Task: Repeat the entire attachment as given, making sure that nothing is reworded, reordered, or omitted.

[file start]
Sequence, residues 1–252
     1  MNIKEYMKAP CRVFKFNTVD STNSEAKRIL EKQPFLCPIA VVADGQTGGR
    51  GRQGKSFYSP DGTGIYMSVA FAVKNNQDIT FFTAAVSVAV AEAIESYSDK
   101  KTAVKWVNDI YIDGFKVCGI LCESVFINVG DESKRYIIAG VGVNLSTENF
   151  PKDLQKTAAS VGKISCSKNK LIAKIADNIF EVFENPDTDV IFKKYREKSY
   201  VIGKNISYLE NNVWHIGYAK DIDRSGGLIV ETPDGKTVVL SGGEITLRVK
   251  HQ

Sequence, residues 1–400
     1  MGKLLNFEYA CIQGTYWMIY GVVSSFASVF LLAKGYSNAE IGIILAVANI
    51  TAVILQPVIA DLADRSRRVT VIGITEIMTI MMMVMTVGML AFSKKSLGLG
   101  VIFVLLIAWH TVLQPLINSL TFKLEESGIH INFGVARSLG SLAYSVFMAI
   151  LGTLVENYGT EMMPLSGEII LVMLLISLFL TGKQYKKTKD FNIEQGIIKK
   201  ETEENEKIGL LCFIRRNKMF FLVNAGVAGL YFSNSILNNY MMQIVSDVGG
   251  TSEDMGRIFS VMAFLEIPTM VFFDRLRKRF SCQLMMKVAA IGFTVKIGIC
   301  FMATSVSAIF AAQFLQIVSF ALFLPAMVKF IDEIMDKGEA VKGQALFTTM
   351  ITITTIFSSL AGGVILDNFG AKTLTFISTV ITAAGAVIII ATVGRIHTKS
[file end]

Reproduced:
Sequence, residues 1–252
     1  MNIKEYMKAP CRVFKFNTVD STNSEAKRIL EKQPFLCPIA VVADGQTGGR
    51  GRQGKSFYSP DGTGIYMSVA FAVKNNQDIT FFTAAVSVAV AEAIESYSDK
   101  KTAVKWVNDI YIDGFKVCGI LCESVFINVG DESKRYIIAG VGVNLSTENF
   151  PKDLQKTAAS VGKISCSKNK LIAKIADNIF EVFENPDTDV IFKKYREKSY
   201  VIGKNISYLE NNVWHIGYAK DIDRSGGLIV ETPDGKTVVL SGGEITLRVK
   251  HQ

Sequence, residues 1–400
     1  MGKLLNFEYA CIQGTYWMIY GVVSSFASVF LLAKGYSNAE IGIILAVANI
    51  TAVILQPVIA DLADRSRRVT VIGITEIMTI MMMVMTVGML AFSKKSLGLG
   101  VIFVLLIAWH TVLQPLINSL TFKLEESGIH INFGVARSLG SLAYSVFMAI
   151  LGTLVENYGT EMMPLSGEII LVMLLISLFL TGKQYKKTKD FNIEQGIIKK
   201  ETEENEKIGL LCFIRRNKMF FLVNAGVAGL YFSNSILNNY MMQIVSDVGG
   251  TSEDMGRIFS VMAFLEIPTM VFFDRLRKRF SCQLMMKVAA IGFTVKIGIC
   301  FMATSVSAIF AAQFLQIVSF ALFLPAMVKF IDEIMDKGEA VKGQALFTTM
   351  ITITTIFSSL AGGVILDNFG AKTLTFISTV ITAAGAVIII ATVGRIHTKS